Within the one square block I freely roamed in the spring of 1956, the world was safe and predictable, as tidy as the boxwood hedges that lined the walkways of virtually every house on our suburban New Orleans street. My parents and grandparents, pleased at last to have a bit of ground, planted it with fruit trees, vegetables and flowers. For my brother and I, there was a swing, a slide, and, very briefly, before the cats caught on, a sand box with a cheery green and yellow striped awning to protect us from the sun.
Grandma worried that life in this little Eden, wouldn’t prepare me for the perils that awaited in the real world, and so she spun out cautionary tales for every possible risk. She told me, for example, about a boy named Joe. “He lived down the street from Uncle Frank and Aunt Lena.” Joe liked to jump trains that chugged near his neighborhood by City Park. “And you know what happened to Joe?” she asked me with her face close up and sorrowful. “He fell and got his HEAD CUT OFF.” It was an effective, if ghastly, story. To this very day, you will never catch me jumping a train.
Most of her stories, like the ones about children who came down with polio after playing in the flooded streets after a rainstorm (a common New Orleans pastime) were meant to keep me safe, but others were just sad stories to prepare me for life’s Vale of Tears. Accordingly, I wasn’t spared news of children who died and left grieving mothers, or of mothers who died and left grieving children. Grandma was a kind of Sorrow Artist. She could bring grown men to tears with her rendition of Please Mr. Conductor, Don’t Put Me Off of the Train. On the other hand, there was Mother, who hated all things lachrymose. “You’re going to warp the child!” she would scold, to no avail.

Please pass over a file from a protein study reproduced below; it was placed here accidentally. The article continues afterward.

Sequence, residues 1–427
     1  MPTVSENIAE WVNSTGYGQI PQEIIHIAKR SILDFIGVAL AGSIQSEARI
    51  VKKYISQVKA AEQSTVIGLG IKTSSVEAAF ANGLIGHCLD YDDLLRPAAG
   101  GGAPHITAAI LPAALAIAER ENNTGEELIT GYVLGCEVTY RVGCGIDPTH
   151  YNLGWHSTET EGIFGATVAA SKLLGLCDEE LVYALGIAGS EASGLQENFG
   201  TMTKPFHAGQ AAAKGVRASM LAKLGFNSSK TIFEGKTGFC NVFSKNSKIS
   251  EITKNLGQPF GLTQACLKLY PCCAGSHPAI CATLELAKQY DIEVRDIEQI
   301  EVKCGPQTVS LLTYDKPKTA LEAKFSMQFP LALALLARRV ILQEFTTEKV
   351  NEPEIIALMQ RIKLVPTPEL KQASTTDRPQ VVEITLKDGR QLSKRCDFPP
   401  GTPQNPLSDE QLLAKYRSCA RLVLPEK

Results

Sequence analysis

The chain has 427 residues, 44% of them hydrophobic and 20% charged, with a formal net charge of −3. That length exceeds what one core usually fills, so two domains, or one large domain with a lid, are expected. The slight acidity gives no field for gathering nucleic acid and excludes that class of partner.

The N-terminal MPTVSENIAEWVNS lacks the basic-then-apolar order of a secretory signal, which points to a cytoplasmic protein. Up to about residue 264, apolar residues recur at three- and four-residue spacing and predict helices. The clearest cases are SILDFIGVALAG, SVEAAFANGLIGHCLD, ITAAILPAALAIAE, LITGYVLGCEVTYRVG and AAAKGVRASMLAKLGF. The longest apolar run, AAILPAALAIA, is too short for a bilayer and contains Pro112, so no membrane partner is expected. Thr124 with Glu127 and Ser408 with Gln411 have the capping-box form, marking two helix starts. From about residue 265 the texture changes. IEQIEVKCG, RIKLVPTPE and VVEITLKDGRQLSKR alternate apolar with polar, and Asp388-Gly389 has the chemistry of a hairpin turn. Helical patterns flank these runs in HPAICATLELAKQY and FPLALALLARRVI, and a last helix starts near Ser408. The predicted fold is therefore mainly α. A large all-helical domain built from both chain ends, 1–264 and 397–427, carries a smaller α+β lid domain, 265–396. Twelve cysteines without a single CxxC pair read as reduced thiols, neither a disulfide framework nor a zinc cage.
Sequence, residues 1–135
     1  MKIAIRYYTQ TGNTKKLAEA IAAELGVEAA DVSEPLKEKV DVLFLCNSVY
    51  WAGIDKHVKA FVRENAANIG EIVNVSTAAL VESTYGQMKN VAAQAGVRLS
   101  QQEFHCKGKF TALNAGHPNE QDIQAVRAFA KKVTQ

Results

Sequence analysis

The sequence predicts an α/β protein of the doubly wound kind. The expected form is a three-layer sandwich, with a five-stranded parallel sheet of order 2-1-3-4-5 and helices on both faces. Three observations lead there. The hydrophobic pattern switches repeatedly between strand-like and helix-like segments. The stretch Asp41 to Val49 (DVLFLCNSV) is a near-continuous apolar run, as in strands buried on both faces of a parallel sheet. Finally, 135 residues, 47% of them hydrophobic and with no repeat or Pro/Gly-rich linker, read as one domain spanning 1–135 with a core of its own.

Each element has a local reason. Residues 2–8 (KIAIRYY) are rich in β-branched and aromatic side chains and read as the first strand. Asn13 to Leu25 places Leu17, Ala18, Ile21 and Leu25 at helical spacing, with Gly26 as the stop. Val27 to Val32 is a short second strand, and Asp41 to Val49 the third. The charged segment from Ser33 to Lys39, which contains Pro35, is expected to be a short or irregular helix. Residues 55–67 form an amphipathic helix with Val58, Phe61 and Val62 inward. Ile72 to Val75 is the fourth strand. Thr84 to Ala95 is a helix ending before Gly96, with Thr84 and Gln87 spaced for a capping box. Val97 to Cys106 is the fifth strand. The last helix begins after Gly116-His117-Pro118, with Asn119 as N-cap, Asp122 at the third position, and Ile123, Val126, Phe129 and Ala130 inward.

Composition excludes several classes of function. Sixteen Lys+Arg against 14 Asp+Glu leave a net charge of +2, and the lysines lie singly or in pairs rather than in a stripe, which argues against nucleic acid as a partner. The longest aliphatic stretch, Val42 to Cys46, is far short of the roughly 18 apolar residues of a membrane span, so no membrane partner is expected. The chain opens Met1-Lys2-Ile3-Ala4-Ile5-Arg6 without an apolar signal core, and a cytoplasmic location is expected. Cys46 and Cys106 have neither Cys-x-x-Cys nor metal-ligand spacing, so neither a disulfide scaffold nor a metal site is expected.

But despite Grandma’s best efforts, I was not prepared for Lulu Lapeyrouse.
I heard her before I saw her, heard her as I played along the back fence where Grandpa’s Cucuzza vine thrived and lizards roamed like miniature dinosaurs among the fresh green leaves and tendrils.
My first response (oh, shame!) was amusement at her wobbly, high-pitched wail. I thought someone over the fence was playing a joke, maybe doing a parody of the seals at Audubon Zoo. But in an instant I knew better. It was truth, that sound, and it rose up again and again in moans, wails, at times, shrieks that made my knees go weak. For a moment, I felt a wave of panic, as if it wasn’t the world, but my perceptions that had become broken. I put my fingers in my ears and cried out, and in an instant, felt Mother and Grandmother near. “It’s just poor Lulu, visiting her Mama,” Grandma said. Mother took my hand and suggested we go inside and do something really fun. Bake cookies!
But Grandma was already leading me in the opposite direction, into the Lapeyrouse’s back yard, where I came face to face with a young woman in a wheelchair, her limbs tied down, her head lolling, her mouth drooling. “Hello, Lulu,” Grandma said, “This is my granddaughter.” Lulu’s twitches slowed, her cries quieted, her head held almost still. I looked in her eyes and she looked in mine, looked so hard into mine that I could not help but know that there really was a person, just like the rest of us, living inside Lulu’s shriveled, spasm ridden body.
For a few more days, Lulu’s cries were the background music to life in our safe and sanitized suburban back yard. Then she was gone, returned to someplace called “the home.” How hard I tried not to imagine her life, but the echo of her cries stayed in my mind and broke my heart. Grandma’s worries for my naivete were over. Lulu’s wordless eloquence had done the trick.